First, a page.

Robert Silverberg

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Robert Silverberg
Robert Silverberg.jpg
Robert Silverberg in 2005.
Born (1935-01-15) January 15, 1935 (age 81)
Brooklyn, New York City
Pen name dozens[1]
Occupation Novelist, short-story writer, editor
Nationality American
Period 1955–present
Genre Science fiction, fantasy, anthologies (as editor)
Subject Geography, history, nature

Signature
Website
robert-silverberg.com
Silverberg's novelette "Guardian of the Crystal Gate" was the cover story in the August 1956 issue of Fantastic Stories
Silverberg's short story "Quick Freeze" took the cover of the May 1957 issue of Science Fiction Quarterly

Robert Silverberg (born January 15, 1935) is an American author and editor, best known for writing science fiction. He is a multiple winner of both Hugo and Nebula Awards, a member of the Science Fiction and Fantasy Hall of Fame, and a Grand Master of SF.[2][3][4]

Biography[edit]

Early years[edit]

Silverberg was born in Brooklyn, New York. A voracious reader since childhood, he began submitting stories to science fiction magazines during his early teenage years. He received a BA in English Literature from Columbia University, in 1956. While at Columbia, he wrote the juvenile novel Revolt on Alpha C (1955), published by Thomas Y. Crowell with the cover notice: "A gripping story of outer space".[1] He won his first Hugo in 1956 as the "best new writer".[2] For the next four years, by his own count, he wrote a million words a year, mostly for magazines and Ace Doubles. He used his own name as well as a range of pseudonyms during this era, and often worked in collaboration with Randall Garrett, who was a neighbour at the time.[5] (The Silverberg/Garrett collaborations also used a variety of pseudonyms, the best-known being Robert Randall.) From 1956 to 1959, Silverberg routinely averaged five published stories a month, and he had over 80 stories published in 1958 alone. In 1959, the market for science fiction collapsed, and Silverberg turned his ability to write copiously to other fields, from historical non-fiction to softcore pornography. "Bob Silverberg, a giant of science fiction... was doing two [books] a month for one publisher, another for a second publisher, and the equivalent of another book for a magazine... He was writing a quarter of a million words a month."[6]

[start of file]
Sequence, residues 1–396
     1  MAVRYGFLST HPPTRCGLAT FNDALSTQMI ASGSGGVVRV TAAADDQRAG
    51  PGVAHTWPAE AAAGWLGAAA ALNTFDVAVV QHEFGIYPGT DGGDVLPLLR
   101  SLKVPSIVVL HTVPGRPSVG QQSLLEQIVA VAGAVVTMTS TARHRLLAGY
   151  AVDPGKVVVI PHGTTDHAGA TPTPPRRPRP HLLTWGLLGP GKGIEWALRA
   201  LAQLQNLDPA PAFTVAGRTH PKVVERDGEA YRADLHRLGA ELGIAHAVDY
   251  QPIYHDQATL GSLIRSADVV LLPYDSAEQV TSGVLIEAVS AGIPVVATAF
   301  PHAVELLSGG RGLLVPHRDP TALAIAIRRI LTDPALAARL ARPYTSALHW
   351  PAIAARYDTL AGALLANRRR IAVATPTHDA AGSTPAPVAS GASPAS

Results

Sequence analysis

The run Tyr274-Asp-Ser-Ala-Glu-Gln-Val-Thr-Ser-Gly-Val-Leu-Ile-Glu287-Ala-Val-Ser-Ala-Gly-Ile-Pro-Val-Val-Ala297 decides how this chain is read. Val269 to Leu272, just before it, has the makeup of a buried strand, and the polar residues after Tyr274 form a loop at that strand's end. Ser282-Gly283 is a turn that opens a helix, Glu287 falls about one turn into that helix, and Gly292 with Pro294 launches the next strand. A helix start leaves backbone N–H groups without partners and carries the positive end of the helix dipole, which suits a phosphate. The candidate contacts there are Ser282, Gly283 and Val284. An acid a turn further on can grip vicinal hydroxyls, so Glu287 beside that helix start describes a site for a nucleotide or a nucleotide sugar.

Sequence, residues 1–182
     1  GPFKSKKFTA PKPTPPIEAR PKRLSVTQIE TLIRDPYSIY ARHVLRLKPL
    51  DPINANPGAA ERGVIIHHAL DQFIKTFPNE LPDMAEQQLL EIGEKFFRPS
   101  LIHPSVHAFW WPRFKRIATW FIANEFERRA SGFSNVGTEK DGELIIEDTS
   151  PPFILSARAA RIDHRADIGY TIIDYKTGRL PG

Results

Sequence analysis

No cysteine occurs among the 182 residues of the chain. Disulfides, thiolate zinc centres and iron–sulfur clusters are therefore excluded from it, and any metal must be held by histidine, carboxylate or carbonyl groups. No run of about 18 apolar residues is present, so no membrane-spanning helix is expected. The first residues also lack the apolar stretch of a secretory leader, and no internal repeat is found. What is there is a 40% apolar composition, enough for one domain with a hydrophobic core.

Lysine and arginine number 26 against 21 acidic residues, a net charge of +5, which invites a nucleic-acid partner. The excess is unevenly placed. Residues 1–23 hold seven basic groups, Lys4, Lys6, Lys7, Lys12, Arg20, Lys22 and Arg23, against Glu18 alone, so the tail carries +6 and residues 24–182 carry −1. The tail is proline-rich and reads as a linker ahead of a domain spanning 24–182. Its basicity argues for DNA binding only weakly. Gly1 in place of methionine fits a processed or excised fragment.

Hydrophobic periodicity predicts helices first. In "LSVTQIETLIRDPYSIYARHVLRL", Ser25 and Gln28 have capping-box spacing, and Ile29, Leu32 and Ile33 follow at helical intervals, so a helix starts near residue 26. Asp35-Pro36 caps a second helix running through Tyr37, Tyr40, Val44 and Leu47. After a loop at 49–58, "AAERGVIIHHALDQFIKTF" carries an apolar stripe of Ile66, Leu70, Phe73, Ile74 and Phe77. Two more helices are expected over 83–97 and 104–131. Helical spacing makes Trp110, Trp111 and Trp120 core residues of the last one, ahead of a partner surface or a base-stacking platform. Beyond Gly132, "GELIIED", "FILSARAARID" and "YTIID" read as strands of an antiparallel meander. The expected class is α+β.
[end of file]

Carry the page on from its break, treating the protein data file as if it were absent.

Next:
Literary growth[edit]

In the mid-1960s, science fiction writers were becoming more literarily ambitious. Frederik Pohl, then editing three science fiction magazines, offered Silverberg carte blanche in writing for them. Thus inspired, Silverberg returned to the field that gave him his start, paying far more attention to depth of character development and social background than he had in the past and mixing in elements of the modernist literature he had studied at Columbia.

The novels he wrote in this period are considered far superior to his earlier work.[citation needed] Perhaps the first book to indicate the new Silverberg was To Open the Sky, a fixup of stories published by Pohl in Galaxy Magazine, in which a new religion helps people reach the stars. That was followed by Downward to the Earth, a story containing echoes of material from Joseph Conrad's work,[7] in which the human former administrator of an alien world returns after the planet's inhabitants have been set free. Other acclaimed works of that time include To Live Again, in which the memories and personalities of the deceased can be transferred to other people; The World Inside, a look at an overpopulated future; and Dying Inside, a tale of a telepath losing his powers.